I’ve finally got around to joining the Authors’ Licensing and Collecting Society and registering my short stories and articles that have been published over the last three years.
Being a member of ALCS ensures that you get paid any secondary royalties earned by your works, for example if an article is photocopied by an organisation like a school.
Life membership of ALCS costs £25 but this is deducted from the writer’s first royalty payment – so there is no upfront charge and therefore no risk of being out of pocket by joining ALCS.
I have to admit to not totally understanding how ALCS knows what has been photocopied and how payments to writers are calculated. And I don’t imagine that at this very moment zillions of people are photocopying my work and handing it out to all and sundry. So will I actually ever see any money from ALCS? I have absolutely no idea, but you’ve got to be in it to win it, as they say.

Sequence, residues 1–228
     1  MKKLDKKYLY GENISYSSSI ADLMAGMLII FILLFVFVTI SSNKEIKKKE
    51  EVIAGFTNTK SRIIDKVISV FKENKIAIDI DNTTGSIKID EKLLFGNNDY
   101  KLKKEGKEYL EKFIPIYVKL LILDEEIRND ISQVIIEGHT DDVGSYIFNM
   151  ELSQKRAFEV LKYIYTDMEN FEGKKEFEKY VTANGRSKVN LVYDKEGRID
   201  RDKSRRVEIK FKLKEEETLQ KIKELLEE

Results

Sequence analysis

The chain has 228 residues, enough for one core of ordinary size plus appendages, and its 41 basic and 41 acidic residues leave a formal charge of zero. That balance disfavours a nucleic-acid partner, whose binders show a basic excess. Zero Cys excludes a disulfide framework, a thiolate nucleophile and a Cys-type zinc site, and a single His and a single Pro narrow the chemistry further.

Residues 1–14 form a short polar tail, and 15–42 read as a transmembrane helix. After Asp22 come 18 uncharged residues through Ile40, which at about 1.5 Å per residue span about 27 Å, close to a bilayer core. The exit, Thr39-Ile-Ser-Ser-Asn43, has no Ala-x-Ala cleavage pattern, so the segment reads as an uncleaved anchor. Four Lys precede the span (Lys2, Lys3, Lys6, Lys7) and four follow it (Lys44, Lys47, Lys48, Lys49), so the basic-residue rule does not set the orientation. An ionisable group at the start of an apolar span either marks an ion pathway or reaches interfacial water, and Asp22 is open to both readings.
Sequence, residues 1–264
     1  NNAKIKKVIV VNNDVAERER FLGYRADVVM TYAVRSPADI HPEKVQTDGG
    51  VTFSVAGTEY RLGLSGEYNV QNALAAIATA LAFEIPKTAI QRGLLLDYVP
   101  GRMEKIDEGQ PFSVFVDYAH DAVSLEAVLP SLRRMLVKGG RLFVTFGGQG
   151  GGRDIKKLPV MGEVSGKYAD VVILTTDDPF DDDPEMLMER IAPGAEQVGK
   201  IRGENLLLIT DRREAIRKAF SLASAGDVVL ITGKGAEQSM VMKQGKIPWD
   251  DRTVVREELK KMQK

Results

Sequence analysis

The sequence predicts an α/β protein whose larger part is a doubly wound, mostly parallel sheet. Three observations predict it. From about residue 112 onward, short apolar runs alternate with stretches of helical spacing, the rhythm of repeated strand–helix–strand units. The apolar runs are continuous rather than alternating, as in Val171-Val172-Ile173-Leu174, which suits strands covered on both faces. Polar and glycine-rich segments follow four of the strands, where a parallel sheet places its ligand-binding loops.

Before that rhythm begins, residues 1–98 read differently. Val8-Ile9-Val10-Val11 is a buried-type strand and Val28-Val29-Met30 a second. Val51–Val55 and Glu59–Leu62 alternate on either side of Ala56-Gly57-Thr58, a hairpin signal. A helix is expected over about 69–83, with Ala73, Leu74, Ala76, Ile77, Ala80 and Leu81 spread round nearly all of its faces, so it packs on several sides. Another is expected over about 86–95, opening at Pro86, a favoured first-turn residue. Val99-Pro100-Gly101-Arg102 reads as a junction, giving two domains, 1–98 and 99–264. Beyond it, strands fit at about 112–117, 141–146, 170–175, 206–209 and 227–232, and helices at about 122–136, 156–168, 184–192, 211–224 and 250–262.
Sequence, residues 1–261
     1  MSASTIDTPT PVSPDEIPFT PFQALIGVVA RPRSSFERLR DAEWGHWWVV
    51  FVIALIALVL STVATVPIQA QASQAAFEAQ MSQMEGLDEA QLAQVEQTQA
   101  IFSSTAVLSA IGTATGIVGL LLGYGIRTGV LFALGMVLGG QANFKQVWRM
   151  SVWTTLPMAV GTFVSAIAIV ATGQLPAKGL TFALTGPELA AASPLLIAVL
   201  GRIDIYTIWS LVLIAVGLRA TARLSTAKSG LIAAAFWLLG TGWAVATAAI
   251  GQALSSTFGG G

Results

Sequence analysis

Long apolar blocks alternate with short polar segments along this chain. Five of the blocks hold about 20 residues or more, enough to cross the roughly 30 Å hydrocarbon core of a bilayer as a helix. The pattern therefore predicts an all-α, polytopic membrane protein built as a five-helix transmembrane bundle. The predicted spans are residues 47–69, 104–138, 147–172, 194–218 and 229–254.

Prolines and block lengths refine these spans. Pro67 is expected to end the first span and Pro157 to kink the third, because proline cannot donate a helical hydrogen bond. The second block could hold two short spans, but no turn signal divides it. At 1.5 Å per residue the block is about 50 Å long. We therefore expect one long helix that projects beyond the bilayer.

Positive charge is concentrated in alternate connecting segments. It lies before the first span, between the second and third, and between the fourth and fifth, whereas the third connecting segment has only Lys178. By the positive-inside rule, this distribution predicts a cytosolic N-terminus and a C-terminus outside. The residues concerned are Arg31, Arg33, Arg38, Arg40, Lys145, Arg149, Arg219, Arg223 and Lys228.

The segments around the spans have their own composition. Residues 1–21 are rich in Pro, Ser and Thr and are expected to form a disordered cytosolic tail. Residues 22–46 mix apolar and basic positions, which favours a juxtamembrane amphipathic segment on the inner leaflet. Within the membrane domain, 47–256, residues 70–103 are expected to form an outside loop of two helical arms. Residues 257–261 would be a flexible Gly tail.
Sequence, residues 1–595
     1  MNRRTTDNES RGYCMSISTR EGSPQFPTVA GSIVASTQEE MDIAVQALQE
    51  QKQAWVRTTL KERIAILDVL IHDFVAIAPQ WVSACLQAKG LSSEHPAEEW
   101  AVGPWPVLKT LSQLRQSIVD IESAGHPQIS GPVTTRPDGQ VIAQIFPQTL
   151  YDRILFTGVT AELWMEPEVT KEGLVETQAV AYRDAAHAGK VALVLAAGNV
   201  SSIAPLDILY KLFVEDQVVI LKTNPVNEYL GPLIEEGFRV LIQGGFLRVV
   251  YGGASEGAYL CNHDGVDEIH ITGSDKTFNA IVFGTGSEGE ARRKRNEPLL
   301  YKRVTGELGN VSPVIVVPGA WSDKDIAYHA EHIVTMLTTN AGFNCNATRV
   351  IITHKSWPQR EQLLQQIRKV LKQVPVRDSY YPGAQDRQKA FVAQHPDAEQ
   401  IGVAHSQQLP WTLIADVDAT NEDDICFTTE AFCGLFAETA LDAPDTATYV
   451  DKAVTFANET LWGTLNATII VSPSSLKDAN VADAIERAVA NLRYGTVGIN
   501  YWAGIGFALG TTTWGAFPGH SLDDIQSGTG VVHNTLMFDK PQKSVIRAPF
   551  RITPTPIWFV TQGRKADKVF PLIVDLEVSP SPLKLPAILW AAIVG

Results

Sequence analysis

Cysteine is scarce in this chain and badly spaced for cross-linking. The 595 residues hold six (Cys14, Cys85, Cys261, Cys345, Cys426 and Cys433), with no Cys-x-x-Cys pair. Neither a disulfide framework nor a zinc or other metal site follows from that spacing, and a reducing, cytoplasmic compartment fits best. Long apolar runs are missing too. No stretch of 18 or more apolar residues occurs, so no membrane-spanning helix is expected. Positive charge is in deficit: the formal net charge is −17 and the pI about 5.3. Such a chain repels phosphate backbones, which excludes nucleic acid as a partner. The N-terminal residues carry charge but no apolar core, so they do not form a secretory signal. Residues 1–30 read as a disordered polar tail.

Registering work published in magazines (newspaper articles are not accepted) is easy and can be done on-line. But only things published in the last three years are eligible – so it’s better to do this sooner rather than later and then keep it up to date.
The only problem that I encountered was finding the ISSN (International Standard Serial Number) for some publications. The ISSN is an identification number for periodicals but not all magazines have them. I’ve had several articles published in Freelance Market News which I discovered had no ISSN. However, when I contacted the magazine’s lovely editor, Angela Cox, she went to the trouble of obtaining an ISSN for Freelance Market News (thank you, Angela!) So I’ve now been able to register those articles, although I’m not sure of the implications if the ISSN wasn’t in existence when the article was first published.
Has anyone else got any experience/knowledge of ALCS?